An article relating to this blog post on Finextra:
FBI nabs programmer accused of stealing trading code
A Russian computer programmer has been arrested by the FBI, accused of stealing proprietary trading code from the New York-based financial institution he used to work for.
Goldman Sachs hasn't had the best of press lately. A recent Rolling Stone
article went as far as to describe the firm as "a great vampire squid wrapped around the face of humanity, relentlessly jamming its blood funnel into anything that smells like money". Others have noted that the firm's tentacles spread into every area of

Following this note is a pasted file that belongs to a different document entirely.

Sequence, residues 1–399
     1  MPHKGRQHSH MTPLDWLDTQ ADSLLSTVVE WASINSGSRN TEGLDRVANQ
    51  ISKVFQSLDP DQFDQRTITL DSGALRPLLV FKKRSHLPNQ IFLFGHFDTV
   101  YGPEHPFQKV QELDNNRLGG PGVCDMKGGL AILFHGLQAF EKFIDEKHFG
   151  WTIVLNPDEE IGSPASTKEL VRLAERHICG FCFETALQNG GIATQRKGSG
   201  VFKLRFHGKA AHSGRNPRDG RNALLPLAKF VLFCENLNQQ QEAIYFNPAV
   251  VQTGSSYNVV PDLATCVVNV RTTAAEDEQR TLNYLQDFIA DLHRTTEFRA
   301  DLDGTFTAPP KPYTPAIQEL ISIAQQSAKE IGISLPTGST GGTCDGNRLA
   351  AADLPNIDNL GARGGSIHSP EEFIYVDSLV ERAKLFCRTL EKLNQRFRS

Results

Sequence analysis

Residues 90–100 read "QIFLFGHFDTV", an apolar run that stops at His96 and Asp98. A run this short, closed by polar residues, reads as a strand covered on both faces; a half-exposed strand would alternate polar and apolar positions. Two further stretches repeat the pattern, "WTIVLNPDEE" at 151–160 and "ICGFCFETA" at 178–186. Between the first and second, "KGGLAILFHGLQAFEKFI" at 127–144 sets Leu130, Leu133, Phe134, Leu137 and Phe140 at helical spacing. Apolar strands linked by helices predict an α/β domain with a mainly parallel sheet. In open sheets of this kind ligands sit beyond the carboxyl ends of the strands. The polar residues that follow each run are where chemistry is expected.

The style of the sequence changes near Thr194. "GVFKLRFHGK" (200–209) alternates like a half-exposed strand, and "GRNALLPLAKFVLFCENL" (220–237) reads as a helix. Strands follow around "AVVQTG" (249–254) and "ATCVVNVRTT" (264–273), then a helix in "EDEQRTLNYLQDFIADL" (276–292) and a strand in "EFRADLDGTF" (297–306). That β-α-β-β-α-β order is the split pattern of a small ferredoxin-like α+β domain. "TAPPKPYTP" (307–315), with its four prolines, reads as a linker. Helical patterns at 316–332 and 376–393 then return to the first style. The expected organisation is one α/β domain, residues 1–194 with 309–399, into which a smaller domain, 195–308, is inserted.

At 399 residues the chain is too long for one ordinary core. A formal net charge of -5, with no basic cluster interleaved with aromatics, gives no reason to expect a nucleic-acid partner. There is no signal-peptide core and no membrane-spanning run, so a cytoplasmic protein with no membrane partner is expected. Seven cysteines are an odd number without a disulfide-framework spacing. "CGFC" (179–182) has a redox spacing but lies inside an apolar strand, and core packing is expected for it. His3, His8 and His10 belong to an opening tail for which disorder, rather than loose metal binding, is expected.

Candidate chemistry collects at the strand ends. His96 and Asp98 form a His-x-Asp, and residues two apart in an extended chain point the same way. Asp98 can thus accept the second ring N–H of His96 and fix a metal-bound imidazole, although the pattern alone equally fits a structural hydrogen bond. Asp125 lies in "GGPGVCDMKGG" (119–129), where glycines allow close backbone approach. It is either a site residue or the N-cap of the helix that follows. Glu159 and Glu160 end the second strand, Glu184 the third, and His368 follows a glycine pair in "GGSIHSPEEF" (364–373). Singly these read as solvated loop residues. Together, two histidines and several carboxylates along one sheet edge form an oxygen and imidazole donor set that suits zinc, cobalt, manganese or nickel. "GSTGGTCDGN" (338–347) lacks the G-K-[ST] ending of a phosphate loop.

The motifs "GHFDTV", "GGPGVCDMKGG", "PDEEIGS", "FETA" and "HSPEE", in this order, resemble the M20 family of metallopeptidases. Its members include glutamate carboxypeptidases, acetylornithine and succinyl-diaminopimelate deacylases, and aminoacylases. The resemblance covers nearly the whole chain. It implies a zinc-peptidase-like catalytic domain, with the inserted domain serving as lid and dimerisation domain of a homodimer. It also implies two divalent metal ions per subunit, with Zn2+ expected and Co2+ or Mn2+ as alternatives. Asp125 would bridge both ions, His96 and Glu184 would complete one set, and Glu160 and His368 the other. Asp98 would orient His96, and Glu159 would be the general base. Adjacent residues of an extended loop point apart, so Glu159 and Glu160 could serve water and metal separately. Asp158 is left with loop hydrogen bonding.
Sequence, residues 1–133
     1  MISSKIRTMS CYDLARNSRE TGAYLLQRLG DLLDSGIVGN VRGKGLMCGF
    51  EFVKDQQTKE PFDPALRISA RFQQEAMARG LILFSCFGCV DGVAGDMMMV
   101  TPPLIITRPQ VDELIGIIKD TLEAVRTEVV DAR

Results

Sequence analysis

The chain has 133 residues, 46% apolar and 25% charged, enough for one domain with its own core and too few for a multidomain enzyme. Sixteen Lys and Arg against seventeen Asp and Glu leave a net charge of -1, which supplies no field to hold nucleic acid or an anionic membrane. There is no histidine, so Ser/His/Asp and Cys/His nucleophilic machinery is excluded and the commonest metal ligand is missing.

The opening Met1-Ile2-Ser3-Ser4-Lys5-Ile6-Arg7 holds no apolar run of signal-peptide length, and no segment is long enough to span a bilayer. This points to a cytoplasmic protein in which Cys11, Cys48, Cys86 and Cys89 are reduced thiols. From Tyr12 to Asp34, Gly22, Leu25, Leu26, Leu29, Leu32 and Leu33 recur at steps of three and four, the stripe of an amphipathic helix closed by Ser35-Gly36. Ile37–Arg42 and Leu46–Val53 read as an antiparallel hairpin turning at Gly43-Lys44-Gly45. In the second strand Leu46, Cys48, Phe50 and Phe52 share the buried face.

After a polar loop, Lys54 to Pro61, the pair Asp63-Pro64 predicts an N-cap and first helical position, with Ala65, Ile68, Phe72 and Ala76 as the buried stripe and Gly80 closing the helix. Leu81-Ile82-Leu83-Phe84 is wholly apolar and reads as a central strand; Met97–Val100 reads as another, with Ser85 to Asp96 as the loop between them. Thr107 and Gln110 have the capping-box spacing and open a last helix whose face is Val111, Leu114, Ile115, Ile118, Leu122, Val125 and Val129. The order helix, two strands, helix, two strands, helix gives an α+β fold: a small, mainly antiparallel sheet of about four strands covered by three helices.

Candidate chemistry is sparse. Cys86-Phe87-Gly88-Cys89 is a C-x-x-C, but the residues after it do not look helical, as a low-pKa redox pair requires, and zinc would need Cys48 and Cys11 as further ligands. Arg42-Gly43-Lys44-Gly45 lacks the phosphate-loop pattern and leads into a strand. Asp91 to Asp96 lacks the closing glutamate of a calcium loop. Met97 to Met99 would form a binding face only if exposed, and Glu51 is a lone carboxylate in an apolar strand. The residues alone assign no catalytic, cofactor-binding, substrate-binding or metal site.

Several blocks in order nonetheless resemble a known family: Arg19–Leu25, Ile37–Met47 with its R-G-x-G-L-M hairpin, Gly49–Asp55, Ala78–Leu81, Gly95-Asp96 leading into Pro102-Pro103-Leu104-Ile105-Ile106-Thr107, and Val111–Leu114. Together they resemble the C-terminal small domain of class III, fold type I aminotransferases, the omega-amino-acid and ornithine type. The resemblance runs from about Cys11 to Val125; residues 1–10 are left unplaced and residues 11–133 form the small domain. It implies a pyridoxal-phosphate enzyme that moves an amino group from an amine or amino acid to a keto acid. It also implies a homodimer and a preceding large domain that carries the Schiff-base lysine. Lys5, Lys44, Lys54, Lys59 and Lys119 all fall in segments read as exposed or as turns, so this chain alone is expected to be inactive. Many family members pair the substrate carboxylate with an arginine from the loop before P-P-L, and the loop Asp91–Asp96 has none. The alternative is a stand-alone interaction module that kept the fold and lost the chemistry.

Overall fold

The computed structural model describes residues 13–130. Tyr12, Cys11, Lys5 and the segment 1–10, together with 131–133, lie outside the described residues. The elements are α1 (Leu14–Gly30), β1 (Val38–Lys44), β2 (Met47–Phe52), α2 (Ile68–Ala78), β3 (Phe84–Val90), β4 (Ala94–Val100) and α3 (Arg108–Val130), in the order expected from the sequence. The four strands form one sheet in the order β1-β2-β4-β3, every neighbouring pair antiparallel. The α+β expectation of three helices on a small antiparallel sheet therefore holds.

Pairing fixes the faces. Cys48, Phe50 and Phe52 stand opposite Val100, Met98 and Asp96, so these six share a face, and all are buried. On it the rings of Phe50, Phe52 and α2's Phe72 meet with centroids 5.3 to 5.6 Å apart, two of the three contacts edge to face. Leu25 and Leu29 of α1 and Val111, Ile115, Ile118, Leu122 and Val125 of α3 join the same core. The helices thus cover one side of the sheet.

government and financial regulatory policy, prompting the nickname Government Sachs.
Given the slightly hysterical climate, you would expect the firm to keep a low profile and be extra cautious in its public pronouncements. So what does it do when one of its programmers gets caught in an alleged attempt to walk away with its top secret recipe
for high-speed trading? It calls up the prosecutor and fans the flames by declaring "there is a danger that somebody who knew how to use this program could use it to
manipulate markets in unfair ways.”
At least that's what Assistant US Attorney Joseph Facciponti told a judge at a bail hearing in New York.
Did Goldman really say that? Doh!